This is the time of year when the majority of our clients and friends are working on "what’s next." The effort ranges from New Year’s resolutions, to budgets, to creating an entirely new vision and, (hopefully), strategy to go with it. Most often, we find these efforts produce predictions based on past experience, rather than launching a truly bold vision. Vision has more to do with a dream for the future than what's happened in the past. (We talk a lot about the differences in our book, Accelerate, in the section on Leadership Choice Point.)
In the book we emphasize that most "leadership" activity is based on looking backwards, reviewing results to-date, and building a plan forwards from that past. There is nothing wrong with this. As human beings our minds and memories are constructed to have a "database" that builds on past experience. If we didn't have a "cumulative learning ability" we would be helpless. Every moment would be new. We wouldn’t be able to find home at night, wouldn’t recognize it when we got there, and strangers would occupy it if we couldn’t draw effectively from our past experience. That’s the good news part.
The bad news part is that past-based predictions also keep us enslaved to what’s stored in our mental database, (or what we fondly call "the mental File Cabinet.") It keeps our attention on our limitations. For example, we know of a current head-hunter who is working on a placement. He has recently talked with a potential candidate and told him, “I can’t present you for this CEO job, for which you are an excellent candidate, because you don’t have a chemistry degree." By the way, the last CEO, (who failed), had a chemistry degree and the Board of Directors insists on the new candidates having one also. So it's an interesting issue. In this example, if a chemistry degree could predict and determine success, why did the previous guy fail? Why does it make it a given that this other outstanding candidate will fail because he doesn't have one? Somewhere in the past, this notion became a "predictor of success" and even in the face of evidence to the contrary, it's still being pursued. (This is why we used the strong language "enslaved" in the first sentence of this paragraph.)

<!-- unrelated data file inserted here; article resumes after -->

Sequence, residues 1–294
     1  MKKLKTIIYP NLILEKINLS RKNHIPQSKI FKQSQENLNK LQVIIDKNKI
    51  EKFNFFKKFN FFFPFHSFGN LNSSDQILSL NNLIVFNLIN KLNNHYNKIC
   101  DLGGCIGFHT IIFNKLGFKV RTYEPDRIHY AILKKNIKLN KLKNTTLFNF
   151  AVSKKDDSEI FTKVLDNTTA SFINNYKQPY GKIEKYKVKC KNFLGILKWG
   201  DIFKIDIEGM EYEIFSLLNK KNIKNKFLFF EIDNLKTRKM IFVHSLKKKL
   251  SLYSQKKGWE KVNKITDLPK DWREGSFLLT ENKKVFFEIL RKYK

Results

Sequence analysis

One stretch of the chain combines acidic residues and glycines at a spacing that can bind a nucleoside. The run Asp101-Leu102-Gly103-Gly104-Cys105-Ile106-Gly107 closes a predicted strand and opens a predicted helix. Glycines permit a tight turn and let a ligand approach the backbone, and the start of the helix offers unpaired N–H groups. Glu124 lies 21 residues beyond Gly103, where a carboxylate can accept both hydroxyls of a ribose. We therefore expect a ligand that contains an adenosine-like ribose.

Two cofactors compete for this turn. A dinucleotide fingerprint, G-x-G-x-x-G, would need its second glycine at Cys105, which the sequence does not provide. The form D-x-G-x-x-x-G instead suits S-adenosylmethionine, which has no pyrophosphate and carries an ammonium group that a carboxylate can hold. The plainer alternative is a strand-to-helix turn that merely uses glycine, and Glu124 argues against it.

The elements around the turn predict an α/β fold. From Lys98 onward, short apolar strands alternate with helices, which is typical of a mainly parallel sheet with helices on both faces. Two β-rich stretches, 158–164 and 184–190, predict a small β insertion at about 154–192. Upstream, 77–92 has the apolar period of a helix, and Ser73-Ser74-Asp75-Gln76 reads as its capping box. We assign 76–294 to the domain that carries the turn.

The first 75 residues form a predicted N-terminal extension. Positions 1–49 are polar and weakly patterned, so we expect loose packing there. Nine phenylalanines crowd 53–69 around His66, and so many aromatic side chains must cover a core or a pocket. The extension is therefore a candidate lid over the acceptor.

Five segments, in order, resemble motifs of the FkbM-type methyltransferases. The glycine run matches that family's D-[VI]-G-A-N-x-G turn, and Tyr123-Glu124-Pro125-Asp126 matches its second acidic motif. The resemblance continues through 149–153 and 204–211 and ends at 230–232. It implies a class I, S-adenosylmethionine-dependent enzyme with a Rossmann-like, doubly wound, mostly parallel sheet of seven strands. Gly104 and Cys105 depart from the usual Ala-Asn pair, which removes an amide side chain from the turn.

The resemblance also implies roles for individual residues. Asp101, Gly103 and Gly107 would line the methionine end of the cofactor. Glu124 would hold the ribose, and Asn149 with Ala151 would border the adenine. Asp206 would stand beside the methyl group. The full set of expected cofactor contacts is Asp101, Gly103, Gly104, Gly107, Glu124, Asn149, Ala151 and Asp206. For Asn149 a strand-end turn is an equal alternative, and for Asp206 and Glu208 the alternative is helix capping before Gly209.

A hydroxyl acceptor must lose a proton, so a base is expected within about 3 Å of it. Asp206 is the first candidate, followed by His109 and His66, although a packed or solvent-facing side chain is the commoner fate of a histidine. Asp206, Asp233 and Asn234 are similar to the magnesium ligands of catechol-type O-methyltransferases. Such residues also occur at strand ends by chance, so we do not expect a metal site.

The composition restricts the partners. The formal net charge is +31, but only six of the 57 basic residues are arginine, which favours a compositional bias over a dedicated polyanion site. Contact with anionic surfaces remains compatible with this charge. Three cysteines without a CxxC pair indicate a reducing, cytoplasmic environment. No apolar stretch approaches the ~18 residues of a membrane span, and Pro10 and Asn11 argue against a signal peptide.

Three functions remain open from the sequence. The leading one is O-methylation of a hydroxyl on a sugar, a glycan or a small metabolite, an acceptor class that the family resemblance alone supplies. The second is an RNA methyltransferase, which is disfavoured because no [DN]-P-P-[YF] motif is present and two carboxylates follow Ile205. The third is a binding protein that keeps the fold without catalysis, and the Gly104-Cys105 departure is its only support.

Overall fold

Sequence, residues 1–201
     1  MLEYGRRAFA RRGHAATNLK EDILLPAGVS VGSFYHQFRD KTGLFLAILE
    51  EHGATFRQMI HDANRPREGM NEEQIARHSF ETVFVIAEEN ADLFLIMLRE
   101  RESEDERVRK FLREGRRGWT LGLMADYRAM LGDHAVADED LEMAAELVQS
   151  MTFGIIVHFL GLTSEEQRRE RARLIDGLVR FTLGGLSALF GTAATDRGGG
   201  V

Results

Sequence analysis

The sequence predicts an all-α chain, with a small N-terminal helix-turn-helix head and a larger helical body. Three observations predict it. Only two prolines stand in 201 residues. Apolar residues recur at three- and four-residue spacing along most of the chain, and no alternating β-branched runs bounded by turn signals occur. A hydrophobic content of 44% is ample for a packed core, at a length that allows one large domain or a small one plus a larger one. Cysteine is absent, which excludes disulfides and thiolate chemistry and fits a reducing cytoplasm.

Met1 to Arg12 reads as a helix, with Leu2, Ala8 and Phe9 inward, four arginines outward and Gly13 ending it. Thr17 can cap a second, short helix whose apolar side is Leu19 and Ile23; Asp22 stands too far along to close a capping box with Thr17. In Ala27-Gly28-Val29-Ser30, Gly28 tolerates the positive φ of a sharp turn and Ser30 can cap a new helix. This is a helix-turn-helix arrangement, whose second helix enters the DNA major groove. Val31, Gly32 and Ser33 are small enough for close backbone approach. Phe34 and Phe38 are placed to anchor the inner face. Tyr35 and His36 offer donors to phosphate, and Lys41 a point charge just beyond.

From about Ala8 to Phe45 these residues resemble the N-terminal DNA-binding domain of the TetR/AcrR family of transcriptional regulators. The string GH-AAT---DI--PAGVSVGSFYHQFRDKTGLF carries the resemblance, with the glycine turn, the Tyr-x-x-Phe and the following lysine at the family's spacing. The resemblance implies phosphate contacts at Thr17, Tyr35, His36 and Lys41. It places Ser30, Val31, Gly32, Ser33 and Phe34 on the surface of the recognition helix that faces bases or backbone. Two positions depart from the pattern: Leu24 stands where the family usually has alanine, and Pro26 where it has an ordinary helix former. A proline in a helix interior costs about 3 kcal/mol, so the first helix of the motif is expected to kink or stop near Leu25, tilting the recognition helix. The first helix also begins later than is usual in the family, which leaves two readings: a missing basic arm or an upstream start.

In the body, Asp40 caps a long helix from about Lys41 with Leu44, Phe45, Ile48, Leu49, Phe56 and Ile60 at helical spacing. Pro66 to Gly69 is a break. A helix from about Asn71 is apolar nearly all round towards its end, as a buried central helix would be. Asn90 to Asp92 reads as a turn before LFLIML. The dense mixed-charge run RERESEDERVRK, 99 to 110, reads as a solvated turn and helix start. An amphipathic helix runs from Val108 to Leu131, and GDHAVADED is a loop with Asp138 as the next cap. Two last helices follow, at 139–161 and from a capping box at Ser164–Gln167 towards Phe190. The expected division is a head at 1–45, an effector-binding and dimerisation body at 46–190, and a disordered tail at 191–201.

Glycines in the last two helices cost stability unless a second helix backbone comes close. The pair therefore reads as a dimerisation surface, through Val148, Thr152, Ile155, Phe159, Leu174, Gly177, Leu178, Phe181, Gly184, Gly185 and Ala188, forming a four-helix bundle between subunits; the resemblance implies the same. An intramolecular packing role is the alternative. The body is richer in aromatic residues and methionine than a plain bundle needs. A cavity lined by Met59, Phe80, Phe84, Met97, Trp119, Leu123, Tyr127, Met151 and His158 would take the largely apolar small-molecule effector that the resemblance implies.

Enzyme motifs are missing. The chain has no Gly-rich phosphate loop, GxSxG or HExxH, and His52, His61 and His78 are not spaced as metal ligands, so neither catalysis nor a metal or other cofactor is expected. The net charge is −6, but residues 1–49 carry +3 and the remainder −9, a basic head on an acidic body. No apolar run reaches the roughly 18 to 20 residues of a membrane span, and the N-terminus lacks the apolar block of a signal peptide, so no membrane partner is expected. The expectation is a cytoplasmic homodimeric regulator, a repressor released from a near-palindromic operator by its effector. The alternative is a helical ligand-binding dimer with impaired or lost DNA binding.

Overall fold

It gets worse when we are in this predictive state and also creating and executing on a vision. Check your own thoughts here and see how often you can be truly creative and go for something that is not a projection of the current path of your life, your resume, your finances, your job – you know the drill… Borrowing from the article I will cite below, this is simply “remembering the future.”
The Wall Street Journal Weekend Edition on 12-12-10 included an article, “Why The Mind Sees the Future in the Past Tense,” by Matt Ridley in which the author points out that recent neuroscience studies show that the same parts of the mind hold our episodic memories and or imagined futures. Given the evidence here, it's no wonder the "predictable" dominates our thinking.
What excited me about the article were the studies that show that, “the more unexpected something is, the more conscious we are of it.” Your brain has to work harder when what shows up doesn’t match prediction, or expectation. What this means to me is that the most highly leveraged way to get yourself and your team in to powerful action is to start throwing new stuff in front of your collective brains. Create a BOLD vision that you can’t prove based on the past. You will be stimulated, more conscious, and therefore more present. You will be unleashing creativity instead of invoking your past experience, circumstances, knowledge (or lack of it), and limitations.
I am not being "Pollyanna" or encouraging "woo-woo" here. Once your new bold vision, or as we call it, “Yonder Star” is created, it’s time to be responsible for the past. It’s time to get very clear about your situation - “the way that it is and the way that it isn’t.” Looking from your Yonder Star as if it is already fulfilled, your mind will start discovering what it did to get there. It will get very excited about remembering. (Our partner, Alanna Levenson, calls that “creating future memories.”)
In his blog post, “Strategy Slam’”, a long-time colleague, Russ Phillips, recommends going to Denny’s by yourself with a pen and pad to do your creative thinking. I am much more creative in dialogue with other committed players. Many people wait for adversity to set in, and it will, sooner or later, to force themselves and their associates to get creative…"sort of a create or die strategy"…There are lots of ways to "get yourself there." What gets you in action for a bold inquiry? What’s your most creative environment? What calls forth your commitment? What stops you? These may be the most powerful questions you can ask yourself as you start planning for the next year.